Aerial bundle cable are overhead power lines using several insulated phase conductors bundled tightly together, usually with a bare neutral conductor. This contrasts with the traditional practice of using uninsulated conductors separated by air gaps. This variation of overhead power lines utilizes the same principles as bundled conductors, except that they are closer together to the point of touching but each conductor is surrounded by an insulating layer (except for the neutral line).
The main objections to the traditional design are that the multiple conductors are considered unappealing, and external forces (such as high winds) can cause them to touch and short circuit. The resultant sparks have been a cause of bushfires in drier climates. In the UK where some supplies to rural property are converted to PME/MEN from TT Earthing system concerns have been expressed that the lower conductor alone may be broken, (by high vehicle or falling tree for example) but with the upper phase conductors intact. This is a potentially dangerous fault condition. With ABC, a simultaneous disconnection of all conductors is more likely.
In moister climates, tree growth is a significant problem for overhead power lines. Aerial bundled cables will not arc over if touched by tree branches. Although persistent rubbing is still a problem, tree-trimming costs can be reduced.
Areas with large trees and branches falling on lines are a problem for aerial bundled cables as the line degrades over time. Due to the very large strain forces cracking and breaking insulation can lead to short circuit failures which can then lead to ground fires due to dripping of molten insulation.
Low voltage ABC has already been developed in several countries across the globe and promises to be cheaper, safer, more reliable, require less tree clearing and pruning, be more aesthetic, be less labor intensive, require less maintenance and eliminate bushfires being initiated by conductor clashing.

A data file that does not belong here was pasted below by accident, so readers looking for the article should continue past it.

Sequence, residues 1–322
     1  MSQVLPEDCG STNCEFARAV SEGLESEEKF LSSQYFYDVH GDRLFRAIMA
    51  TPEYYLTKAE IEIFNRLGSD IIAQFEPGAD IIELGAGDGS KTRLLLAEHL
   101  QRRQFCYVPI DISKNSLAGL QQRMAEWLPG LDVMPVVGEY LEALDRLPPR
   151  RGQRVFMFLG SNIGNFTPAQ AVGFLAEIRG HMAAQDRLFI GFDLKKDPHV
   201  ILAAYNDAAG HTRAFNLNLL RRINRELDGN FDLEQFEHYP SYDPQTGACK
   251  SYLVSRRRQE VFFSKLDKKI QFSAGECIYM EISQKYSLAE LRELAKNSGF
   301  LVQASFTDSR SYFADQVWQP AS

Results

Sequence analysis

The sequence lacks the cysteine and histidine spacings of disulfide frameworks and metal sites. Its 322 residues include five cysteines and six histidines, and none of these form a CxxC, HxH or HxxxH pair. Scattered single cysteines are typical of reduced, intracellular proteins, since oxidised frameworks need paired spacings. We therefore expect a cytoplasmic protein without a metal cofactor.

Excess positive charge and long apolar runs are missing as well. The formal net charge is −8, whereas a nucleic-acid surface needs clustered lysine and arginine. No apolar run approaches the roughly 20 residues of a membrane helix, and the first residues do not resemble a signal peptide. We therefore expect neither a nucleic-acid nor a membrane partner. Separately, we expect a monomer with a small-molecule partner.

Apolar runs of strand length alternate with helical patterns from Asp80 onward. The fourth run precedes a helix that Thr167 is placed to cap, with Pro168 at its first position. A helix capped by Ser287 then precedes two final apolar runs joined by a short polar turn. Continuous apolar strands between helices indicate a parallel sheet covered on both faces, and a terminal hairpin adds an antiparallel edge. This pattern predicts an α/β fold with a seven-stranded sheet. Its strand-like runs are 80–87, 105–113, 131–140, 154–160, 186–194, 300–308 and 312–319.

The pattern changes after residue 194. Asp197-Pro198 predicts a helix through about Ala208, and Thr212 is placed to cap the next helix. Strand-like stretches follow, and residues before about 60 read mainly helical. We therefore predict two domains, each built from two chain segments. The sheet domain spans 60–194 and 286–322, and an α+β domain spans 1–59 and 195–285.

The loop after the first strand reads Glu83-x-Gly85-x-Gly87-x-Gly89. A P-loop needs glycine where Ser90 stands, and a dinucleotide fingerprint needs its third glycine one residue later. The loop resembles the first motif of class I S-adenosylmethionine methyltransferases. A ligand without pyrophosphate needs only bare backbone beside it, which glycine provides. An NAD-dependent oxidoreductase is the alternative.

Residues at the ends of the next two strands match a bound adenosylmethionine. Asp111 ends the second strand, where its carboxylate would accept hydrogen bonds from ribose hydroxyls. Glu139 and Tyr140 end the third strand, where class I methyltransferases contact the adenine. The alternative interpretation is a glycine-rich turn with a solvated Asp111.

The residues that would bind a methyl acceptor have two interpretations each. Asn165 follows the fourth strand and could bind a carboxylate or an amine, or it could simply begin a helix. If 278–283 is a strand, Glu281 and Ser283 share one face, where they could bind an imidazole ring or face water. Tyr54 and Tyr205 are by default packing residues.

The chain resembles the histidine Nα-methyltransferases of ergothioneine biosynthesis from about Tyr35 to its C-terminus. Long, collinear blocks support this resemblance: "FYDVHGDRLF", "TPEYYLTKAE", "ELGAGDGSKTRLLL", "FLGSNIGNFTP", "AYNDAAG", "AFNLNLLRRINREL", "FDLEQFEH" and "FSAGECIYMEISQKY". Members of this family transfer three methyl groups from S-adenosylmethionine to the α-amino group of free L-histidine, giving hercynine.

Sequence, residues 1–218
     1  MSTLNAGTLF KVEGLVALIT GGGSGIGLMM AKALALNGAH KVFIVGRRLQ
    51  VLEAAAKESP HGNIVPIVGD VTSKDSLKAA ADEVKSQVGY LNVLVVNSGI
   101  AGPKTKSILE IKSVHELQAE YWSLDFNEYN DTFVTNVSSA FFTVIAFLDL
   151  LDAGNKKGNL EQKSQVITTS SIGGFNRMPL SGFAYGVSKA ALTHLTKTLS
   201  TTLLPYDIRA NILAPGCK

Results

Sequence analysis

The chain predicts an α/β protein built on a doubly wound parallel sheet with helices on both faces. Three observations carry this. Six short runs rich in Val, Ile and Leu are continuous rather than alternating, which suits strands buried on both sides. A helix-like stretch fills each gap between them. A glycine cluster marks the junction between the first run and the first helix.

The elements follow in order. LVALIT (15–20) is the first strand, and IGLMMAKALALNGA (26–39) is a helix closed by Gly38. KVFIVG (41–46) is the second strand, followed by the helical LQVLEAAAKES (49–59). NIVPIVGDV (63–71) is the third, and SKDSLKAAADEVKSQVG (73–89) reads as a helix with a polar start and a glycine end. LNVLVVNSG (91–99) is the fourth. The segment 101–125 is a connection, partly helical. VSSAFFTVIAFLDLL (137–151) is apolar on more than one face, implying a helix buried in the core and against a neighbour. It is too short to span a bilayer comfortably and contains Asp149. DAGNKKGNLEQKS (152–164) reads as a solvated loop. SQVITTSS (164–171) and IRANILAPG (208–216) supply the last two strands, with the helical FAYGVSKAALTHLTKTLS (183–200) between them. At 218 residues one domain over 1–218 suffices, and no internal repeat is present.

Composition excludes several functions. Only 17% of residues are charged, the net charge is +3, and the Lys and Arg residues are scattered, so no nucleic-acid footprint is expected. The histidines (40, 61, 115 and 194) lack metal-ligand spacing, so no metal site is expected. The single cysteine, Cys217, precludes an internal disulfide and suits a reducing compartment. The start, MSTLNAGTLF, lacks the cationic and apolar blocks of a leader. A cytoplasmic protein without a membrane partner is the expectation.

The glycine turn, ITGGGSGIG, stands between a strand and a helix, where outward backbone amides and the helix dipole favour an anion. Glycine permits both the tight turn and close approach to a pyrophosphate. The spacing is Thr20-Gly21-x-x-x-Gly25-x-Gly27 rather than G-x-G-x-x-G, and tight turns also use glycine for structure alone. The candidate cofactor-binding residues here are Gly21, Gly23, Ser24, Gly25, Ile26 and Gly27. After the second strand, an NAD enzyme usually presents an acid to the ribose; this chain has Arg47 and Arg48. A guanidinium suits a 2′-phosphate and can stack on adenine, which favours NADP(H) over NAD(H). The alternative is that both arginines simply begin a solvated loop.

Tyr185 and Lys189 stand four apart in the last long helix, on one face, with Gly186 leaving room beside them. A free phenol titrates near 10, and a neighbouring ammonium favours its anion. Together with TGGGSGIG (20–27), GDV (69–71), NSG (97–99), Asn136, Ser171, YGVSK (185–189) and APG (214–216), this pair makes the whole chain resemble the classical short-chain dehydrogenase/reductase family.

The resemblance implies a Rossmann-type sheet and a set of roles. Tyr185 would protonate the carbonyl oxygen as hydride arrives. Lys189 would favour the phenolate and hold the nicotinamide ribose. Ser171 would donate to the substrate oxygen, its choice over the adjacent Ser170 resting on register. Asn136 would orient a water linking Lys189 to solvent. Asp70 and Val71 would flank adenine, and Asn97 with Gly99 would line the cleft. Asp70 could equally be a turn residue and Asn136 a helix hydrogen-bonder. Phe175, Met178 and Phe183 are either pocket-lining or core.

• Relative immunity to short circuits caused by external forces (wind, fallen branches), unless they abrade the insulation.
• Can stand in close proximity to trees/buildings and will not generate sparks if touched.
• Little to no tree trimming necessary
• Simpler installation, as crossbars and insulators are not required.
• Ease of erection and stringing, less labor intensive, less construction resources needed.
• More aesthetically appealing.
• Can be installed in a narrower right-of-way.
• At junction poles, insulating bridging wires are needed to connect non-insulated wires at either side. ABC can dispense with one of these splices.
• Less risk of a neutral-only break from tree or vehicle damage, increasing safety with TNC-s systems.
• Significantly improved safety for linespersons, particularly when working on live conductors.
• Electricity theft is made harder, and more obvious to detect.
• Less required maintenance and necessary inspections of lines.
• Improved reliability in comparison with both bare conductor overhead systems and underground systems. Insulated conductors prevent accidental contact and supply can be maintained temporarily in the event of a suspension system collapse.